Defending your right to control your personal information

News and Updates

Instagram’s privacy updates for kids are positive. But plans for an under-13s app means profits still take precedence

Facebook recently announced significant changes to Instagram for users aged under 16. New accounts will be private by default, and advertisers will be limited in how they can reach young people.
The new changes are long overdue and welcome. But Facebook’s commitment to childrens’ safety is still in question as it continues to develop a separate version of Instagram for kids aged under 13.

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This Newsletter provides a brief ‘policy news’ update, preceded by the Renewals Notice.

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QR code contact-tracing apps are a crucial part of our defence against COVID-19. But their value depends on being widely used, which in turn means people using these apps need to be confident their data won’t be misused.
That’s why this week’s revelation that Western Australian police accessed data gathered using the SafeWA app are a serious concern.

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RAC is trialling a new app to reward members for their good behaviour, but privacy experts warn users to be cautious.

APF’s own Dr Juanita Fernando spoke yesterday with 9 News Perth regarding data collection in the new RAC trial app.

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While Australia is focussed on COVID, the government acts to quietly collect our personal health data. The Department of Health funded project, Primary Health Insights, has been uploading detailed health records from GP databases. While almost 10% of Australians opted out of My Health Record, most may be unaware they are giving consent to their default data upload, when they sign the patient registration form to see their own doctor.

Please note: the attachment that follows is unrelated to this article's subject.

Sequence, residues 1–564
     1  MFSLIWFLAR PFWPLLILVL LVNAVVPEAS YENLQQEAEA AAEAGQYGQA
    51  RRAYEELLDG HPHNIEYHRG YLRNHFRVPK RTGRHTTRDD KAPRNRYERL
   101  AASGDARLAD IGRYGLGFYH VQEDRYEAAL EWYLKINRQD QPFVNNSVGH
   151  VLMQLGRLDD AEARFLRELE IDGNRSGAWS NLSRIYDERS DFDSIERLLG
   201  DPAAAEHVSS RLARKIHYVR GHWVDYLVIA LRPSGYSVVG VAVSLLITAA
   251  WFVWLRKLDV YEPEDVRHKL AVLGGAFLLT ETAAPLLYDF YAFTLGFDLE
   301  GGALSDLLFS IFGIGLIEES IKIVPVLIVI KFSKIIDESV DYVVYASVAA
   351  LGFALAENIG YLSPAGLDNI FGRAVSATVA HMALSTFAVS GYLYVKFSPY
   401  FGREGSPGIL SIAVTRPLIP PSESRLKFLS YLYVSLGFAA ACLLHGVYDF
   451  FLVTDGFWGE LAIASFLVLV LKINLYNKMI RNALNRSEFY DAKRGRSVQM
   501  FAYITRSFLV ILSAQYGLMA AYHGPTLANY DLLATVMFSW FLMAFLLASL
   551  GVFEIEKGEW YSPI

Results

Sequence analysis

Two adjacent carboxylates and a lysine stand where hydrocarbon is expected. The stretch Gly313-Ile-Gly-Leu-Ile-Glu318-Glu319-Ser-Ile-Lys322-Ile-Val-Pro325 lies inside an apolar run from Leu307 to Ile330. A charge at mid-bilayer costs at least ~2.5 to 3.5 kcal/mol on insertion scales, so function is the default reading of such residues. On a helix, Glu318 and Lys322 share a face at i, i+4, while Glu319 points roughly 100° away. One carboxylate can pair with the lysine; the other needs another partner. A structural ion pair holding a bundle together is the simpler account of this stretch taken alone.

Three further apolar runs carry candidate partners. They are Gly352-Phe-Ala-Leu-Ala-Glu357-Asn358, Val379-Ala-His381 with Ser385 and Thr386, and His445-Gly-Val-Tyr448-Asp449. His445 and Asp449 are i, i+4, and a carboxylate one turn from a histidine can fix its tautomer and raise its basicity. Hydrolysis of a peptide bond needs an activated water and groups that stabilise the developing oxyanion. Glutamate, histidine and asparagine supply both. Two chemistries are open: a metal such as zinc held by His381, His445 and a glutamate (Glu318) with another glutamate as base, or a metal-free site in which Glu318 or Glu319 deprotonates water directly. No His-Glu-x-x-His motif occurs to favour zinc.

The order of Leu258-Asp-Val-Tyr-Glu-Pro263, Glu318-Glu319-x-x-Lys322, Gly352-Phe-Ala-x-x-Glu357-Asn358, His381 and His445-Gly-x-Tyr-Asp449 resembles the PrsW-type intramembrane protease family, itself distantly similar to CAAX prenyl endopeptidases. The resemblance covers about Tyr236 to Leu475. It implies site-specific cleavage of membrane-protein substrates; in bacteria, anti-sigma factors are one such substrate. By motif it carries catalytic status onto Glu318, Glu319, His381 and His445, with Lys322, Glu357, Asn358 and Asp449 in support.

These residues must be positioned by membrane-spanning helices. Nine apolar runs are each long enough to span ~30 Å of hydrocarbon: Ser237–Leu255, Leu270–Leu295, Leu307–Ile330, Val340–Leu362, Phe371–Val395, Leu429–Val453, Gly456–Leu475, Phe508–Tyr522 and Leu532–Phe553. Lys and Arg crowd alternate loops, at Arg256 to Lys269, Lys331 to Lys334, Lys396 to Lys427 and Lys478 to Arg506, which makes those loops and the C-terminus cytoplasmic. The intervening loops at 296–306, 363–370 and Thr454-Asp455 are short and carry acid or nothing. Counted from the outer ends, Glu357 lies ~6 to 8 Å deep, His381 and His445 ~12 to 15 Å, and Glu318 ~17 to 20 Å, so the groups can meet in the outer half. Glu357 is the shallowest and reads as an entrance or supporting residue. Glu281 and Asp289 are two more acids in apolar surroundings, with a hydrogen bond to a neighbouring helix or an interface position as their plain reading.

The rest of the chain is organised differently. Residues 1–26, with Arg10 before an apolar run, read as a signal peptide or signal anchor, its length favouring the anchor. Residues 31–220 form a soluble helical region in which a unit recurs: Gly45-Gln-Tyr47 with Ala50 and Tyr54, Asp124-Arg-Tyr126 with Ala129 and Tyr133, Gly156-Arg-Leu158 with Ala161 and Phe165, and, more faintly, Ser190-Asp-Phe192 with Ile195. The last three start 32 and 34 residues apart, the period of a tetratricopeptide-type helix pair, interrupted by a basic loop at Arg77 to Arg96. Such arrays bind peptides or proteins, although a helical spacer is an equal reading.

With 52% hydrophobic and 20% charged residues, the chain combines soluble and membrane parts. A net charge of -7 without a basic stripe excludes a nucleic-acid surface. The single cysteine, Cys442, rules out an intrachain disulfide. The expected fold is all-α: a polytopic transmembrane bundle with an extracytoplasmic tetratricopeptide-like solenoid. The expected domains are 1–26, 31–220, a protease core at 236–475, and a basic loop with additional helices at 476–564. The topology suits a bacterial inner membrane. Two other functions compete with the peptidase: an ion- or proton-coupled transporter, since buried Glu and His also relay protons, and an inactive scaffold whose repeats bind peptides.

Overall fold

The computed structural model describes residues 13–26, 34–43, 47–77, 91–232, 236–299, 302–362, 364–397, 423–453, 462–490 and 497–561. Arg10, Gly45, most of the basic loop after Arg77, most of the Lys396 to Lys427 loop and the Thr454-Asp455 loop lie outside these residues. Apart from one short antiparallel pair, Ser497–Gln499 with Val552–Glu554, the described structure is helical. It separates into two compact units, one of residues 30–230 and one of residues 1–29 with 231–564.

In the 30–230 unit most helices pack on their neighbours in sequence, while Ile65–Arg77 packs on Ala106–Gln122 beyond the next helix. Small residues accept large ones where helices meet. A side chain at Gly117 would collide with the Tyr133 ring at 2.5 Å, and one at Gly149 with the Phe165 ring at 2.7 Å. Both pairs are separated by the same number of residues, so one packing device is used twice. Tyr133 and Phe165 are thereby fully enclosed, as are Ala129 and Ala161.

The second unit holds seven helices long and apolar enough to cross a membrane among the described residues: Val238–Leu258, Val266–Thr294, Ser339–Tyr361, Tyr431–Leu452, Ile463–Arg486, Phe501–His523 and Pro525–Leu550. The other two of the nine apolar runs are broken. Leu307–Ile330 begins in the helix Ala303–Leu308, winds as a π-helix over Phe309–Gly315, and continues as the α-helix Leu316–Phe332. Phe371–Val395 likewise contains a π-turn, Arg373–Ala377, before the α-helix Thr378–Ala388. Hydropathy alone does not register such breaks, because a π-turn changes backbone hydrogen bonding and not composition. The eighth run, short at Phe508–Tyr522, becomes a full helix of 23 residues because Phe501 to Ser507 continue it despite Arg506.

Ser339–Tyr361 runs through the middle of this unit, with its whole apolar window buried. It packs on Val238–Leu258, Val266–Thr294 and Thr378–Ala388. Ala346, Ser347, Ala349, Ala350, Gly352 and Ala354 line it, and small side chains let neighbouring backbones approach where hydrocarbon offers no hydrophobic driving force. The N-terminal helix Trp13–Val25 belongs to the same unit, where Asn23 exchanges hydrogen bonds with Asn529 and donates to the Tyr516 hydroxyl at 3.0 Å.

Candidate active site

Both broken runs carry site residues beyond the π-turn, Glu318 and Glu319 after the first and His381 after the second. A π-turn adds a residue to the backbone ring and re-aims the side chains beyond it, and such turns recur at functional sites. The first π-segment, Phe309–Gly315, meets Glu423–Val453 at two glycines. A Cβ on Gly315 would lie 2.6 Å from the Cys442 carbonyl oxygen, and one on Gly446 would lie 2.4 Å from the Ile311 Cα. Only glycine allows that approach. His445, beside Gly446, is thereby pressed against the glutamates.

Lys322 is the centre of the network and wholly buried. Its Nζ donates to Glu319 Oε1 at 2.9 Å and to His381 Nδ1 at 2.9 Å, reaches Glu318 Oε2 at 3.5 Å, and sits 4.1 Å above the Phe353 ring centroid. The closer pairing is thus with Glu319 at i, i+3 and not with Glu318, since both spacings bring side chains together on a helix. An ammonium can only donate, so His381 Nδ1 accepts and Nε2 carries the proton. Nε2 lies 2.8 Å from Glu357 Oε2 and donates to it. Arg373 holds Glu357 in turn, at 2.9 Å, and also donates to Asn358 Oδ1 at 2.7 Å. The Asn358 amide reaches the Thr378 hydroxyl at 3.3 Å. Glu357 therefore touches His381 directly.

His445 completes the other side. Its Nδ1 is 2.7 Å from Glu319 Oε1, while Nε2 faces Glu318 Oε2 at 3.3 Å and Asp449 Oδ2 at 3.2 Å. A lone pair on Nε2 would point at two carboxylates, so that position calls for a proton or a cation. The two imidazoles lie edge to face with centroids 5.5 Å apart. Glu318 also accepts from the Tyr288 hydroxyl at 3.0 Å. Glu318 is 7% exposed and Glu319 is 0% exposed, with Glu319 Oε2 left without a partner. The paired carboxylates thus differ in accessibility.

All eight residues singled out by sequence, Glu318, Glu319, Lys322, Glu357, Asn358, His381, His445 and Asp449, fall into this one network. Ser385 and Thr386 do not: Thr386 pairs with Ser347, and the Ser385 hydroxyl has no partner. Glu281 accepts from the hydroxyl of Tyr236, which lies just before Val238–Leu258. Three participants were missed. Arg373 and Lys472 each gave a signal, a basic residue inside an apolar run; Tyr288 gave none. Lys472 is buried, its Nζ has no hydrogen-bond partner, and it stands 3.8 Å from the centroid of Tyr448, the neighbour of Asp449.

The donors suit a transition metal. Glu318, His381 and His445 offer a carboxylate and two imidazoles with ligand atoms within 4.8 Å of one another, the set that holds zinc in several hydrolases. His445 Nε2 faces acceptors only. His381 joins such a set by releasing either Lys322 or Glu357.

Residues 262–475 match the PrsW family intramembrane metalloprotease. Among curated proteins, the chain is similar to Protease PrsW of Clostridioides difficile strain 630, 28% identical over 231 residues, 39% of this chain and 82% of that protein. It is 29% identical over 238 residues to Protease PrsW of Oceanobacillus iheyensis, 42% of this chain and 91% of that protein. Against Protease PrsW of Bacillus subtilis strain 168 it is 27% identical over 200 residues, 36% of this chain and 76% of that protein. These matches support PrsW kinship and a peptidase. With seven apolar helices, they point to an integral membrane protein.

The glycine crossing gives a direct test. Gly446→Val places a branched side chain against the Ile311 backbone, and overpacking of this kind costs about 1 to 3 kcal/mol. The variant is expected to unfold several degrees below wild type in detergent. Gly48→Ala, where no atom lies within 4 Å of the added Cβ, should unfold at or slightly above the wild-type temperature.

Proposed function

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Australia’s parliament is considering legislation to give new powers to the Australian Criminal Intelligence Commission (ACIC) and the Australian Federal Police. These powers will allow them to modify online data, monitor network activity, and take over online accounts in some circumstances. Last week, in a submission to parliament regarding the proposed powers, ACIC made an inaccurate and concerning claim about privacy and information security. ACIC claimed “there is no legitimate reason for a law-abiding member of the community to own or use an encrypted communication platform”. Encrypted communication platforms, including WhatsApp, Signal, Facetime and iMessage, are in common use, allowing users to send messages that can only be read by the intended recipients. There are many legitimate reasons law-abiding people may use them. And surveillance systems, no matter how well-intentioned, may have negative effects and be used for different purposes or by different people than those they were designed for.

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